Electrochemotherapy is also used in veterinary oncology for a variety of tumors in dogs, cats, horses, and rabbits. There are centers in Brazil, France, Italy, Ireland, Slovenia, the UK,. There are now multiple institutions in the US including New York, Washington, Missouri, South Carolina, Hawaii, and the Bay Area of Northern California where this treatment is available.
The success rate for electrochemotherapy has been stated to be around 90%, with an average of 3-4 treatments in the case of rabbits.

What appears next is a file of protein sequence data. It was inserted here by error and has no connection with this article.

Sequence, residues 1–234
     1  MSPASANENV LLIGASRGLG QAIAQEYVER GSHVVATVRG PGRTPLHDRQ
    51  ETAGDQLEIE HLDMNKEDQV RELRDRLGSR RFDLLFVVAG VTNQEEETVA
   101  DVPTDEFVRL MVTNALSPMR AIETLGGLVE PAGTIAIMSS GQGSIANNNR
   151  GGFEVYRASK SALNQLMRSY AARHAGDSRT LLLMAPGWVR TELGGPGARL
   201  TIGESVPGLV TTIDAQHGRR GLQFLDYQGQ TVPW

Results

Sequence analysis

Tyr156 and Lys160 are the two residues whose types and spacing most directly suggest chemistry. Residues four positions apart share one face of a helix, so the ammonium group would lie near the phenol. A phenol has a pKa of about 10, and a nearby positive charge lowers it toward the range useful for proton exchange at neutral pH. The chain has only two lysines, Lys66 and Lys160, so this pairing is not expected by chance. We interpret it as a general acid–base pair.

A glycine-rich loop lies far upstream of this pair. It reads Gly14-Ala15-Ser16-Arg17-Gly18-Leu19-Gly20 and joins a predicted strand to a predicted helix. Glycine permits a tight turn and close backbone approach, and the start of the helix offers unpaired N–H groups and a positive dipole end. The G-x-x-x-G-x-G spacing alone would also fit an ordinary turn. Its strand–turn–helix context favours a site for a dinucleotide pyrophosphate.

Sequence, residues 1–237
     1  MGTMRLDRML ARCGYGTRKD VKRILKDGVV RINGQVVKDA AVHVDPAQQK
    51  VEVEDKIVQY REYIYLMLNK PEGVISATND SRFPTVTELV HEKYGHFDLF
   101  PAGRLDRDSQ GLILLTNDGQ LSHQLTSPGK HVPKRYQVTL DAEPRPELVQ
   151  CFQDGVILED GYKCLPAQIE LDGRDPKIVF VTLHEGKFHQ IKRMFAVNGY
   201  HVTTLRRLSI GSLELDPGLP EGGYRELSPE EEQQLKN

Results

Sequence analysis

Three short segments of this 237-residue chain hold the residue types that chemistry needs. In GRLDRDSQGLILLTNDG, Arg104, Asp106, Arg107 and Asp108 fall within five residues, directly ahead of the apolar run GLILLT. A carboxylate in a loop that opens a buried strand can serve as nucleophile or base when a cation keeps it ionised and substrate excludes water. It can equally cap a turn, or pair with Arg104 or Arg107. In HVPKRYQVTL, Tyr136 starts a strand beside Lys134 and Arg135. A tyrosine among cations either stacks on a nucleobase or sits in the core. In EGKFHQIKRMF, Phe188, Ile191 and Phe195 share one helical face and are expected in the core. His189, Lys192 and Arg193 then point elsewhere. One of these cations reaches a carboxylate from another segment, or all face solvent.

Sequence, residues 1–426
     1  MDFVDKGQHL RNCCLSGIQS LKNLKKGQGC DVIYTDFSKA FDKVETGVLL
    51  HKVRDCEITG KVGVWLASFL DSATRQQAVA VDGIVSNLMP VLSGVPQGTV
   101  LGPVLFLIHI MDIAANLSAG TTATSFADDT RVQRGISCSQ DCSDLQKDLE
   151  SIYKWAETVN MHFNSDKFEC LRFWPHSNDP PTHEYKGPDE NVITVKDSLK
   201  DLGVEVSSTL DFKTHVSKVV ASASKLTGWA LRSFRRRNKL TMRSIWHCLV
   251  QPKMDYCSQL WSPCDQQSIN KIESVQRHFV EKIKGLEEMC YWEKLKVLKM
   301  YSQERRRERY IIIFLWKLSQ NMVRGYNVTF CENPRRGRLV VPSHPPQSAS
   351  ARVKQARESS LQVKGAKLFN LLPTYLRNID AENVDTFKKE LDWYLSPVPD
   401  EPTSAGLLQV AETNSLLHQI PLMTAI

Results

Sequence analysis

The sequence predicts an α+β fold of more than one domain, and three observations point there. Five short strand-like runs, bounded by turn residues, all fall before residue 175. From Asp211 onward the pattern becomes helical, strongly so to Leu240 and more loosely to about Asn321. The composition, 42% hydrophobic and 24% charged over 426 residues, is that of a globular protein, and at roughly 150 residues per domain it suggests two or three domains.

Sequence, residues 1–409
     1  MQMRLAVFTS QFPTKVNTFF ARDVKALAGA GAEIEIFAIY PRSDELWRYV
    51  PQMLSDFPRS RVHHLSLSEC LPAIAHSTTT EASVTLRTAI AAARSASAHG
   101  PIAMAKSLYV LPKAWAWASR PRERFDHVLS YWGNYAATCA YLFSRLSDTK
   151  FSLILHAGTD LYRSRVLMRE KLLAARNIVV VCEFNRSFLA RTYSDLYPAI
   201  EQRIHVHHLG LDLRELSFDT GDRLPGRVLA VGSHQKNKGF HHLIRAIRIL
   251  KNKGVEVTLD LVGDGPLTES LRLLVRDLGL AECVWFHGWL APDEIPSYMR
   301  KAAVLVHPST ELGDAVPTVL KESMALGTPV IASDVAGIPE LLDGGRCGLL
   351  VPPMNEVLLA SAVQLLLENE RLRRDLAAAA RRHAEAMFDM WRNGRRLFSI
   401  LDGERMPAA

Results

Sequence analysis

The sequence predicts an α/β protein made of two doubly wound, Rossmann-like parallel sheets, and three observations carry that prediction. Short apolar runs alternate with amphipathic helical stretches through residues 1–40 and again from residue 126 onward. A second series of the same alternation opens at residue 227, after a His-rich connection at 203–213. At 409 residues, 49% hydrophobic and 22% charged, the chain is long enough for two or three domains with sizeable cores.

Electrochemotherapy has already been approved and reimbursed in several EU countries (Denmark, Germany, Greece, Italy, Poland, Portugal, Slovenia, and the UK). CE-marked devices have been certified as medical devices and are offered on the market along with Standard Operating Procedures for electrochemotherapy of cutaneous and subcutaneous tumors.
The majority of the patients interviewed during a clinical study aimed at defining the European Standard Operating Procedure of Electrochemotherapy (ESOPE) would be willing to repeat the treatment another time if necessary.